• Dave Dunbar

    Thank the Lord for the “old evangelicals”, men who stood for the fundamentals of the faith, as the “enlightened” world around them left the most holy faith.

    And thank the Lord for men like that today. We see it in a number of ways. T4G comes to mind, as does Dr. MacArthur’s love for and friendship with Dr. Sproul. It is happening in lesser-known ways as well. One is the growing community of committed evangelists. Just a few months ago, at Super Bowl Outreach (www.superbowloutreach.org), there were 105 men and 10 women from all over the country, who where Presbyterian, Baptist, Reformation Anglican, independent Bible churches (and others), who came together with a great love for Christ and His gospel. And Phil Johnson of GTY was kind enough to support each of us with a very meaningful gift!

    We can have our differences, and have polite (and hopefully edifying) conversations about secondary issues, but our unity on the core/central doctrines must MUST glue us together, because we proclaim the same gospel, and we may end up rotting in the same jails together, if the Lord allows such a thing to happen in our land.

    Indeed, may God help us to stand firm.

    • Simple Elder

      Dave – would church polity be one of those secondary issues?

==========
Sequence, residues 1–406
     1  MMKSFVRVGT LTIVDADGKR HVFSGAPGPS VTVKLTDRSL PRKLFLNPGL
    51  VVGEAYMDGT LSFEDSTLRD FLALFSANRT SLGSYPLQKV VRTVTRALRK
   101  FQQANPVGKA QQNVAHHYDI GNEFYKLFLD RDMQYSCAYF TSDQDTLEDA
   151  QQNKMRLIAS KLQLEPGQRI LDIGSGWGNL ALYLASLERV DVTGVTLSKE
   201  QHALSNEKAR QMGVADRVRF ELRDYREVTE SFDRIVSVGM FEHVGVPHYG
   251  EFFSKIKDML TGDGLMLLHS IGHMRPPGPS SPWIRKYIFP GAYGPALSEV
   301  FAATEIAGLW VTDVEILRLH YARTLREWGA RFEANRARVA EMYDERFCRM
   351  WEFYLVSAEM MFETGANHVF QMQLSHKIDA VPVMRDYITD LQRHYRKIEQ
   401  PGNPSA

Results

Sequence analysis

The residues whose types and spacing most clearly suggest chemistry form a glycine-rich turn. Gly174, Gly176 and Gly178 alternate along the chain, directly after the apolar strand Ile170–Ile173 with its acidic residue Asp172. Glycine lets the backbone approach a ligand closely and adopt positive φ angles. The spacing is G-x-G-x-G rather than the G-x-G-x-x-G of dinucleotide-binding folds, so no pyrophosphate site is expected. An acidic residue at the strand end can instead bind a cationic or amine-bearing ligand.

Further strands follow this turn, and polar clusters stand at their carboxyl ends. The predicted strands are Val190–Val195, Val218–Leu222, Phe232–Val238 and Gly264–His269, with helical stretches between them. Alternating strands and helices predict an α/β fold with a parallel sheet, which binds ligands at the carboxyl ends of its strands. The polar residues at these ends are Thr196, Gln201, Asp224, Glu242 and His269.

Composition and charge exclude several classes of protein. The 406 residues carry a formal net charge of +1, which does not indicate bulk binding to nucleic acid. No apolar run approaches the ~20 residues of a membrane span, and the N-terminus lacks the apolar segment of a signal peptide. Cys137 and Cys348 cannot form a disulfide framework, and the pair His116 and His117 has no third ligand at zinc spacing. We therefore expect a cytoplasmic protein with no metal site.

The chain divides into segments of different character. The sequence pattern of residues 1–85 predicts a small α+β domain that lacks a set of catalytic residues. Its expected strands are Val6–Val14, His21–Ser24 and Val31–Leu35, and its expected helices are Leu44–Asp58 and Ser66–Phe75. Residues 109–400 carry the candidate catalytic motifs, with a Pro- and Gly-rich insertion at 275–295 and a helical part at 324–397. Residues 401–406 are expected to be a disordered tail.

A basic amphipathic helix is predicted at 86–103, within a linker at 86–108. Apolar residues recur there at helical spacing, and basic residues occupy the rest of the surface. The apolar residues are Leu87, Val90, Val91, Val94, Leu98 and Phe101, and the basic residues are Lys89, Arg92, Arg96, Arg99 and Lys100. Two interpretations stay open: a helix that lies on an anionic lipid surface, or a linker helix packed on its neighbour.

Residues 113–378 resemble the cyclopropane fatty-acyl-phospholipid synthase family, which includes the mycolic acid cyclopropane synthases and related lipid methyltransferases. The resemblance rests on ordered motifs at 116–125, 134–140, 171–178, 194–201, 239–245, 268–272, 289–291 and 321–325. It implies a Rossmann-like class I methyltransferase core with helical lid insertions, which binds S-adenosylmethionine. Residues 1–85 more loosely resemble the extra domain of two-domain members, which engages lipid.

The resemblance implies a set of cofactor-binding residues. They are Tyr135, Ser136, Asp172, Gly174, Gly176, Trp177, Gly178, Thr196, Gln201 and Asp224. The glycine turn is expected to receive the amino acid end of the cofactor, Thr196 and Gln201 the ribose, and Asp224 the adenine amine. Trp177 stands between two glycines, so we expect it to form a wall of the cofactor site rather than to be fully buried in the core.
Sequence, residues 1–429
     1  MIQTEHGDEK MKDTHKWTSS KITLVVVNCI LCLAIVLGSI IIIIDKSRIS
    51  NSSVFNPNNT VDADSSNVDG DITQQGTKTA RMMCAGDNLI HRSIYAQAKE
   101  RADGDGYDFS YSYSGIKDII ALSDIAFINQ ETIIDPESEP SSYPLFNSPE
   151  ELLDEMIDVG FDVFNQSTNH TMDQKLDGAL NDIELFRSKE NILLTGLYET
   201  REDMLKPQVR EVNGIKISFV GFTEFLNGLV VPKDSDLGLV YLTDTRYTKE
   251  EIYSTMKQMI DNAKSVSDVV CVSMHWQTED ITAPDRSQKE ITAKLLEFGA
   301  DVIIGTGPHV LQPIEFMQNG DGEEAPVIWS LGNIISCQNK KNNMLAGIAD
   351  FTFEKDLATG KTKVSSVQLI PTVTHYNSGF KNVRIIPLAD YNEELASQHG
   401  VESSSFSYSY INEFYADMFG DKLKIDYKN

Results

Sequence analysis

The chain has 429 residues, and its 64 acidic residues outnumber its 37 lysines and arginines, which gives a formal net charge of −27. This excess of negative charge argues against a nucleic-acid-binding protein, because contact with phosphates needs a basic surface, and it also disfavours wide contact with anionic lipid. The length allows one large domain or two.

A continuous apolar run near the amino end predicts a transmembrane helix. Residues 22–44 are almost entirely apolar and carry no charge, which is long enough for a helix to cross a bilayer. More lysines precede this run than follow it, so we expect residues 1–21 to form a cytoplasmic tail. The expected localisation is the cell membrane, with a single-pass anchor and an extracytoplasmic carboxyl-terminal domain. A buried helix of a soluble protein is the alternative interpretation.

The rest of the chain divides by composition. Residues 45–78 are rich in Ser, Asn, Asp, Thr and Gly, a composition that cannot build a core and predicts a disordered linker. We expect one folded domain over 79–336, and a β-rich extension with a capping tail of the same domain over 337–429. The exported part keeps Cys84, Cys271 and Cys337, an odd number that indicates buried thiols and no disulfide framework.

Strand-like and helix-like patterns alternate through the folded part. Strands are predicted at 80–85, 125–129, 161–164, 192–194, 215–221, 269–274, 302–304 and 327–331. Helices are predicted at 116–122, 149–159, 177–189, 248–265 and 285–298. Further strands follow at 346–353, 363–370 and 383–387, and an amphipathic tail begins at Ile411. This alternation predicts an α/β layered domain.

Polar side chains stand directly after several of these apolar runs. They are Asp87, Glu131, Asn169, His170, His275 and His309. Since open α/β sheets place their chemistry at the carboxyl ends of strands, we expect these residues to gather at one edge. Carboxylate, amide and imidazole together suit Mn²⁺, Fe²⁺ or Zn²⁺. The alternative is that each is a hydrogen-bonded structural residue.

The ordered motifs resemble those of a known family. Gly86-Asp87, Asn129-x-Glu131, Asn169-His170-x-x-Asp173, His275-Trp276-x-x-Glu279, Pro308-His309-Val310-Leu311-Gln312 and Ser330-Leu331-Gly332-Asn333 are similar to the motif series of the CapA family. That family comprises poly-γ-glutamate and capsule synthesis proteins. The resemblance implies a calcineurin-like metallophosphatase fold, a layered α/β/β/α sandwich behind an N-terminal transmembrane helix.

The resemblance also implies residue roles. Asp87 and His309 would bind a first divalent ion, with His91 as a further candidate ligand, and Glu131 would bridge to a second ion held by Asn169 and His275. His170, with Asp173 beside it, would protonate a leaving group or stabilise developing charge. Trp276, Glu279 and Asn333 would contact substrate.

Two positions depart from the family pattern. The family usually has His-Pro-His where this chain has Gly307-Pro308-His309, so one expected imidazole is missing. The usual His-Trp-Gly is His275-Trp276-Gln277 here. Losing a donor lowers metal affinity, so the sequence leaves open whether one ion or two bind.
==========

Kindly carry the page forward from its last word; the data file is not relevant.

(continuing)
• Lou Martuneac


    On balance I appreciate much of this article. Your overview of the history of the
    fundamentalist movement is both appreciated and accurate. It does,
    however, pose a number of questions. First, how can the current alliance
    of current covenant, amillennial evangelicals find historic association with
    those who were by your admission “dispensational” and by the common moniker
    used in their day, “Millennarians?”

    Second, is there an incipient danger to be addressed when evangelicals gather for common cause without working out issues related to personal separation? Your reference to the reality of the Fundamentalist / New-Evangelical split of the 40’s begs the question of a repeat division within the newly forming alliances of
    evangelicals like T4G, the Gospel Coalition and Desiring God based not upon
    doctrine, but upon principles of personal separation.

    Third, isn’t it true that the Niagara Coalition and the Northern Presbyterians both practiced a form of personal separation that seems to be either ignored, forgotten or at least undefined in the contemporary evangelical coalitions?

    Finally, isn’t it true that those who have called themselves “fundamentalists,” and have not veered doctrinally or in militancy, are the true progeny of historic
    fundamentalism? In other words, is it fair to try to take / co-opt the
    heritage from the children who have always stayed on the farm?

    Kind regards,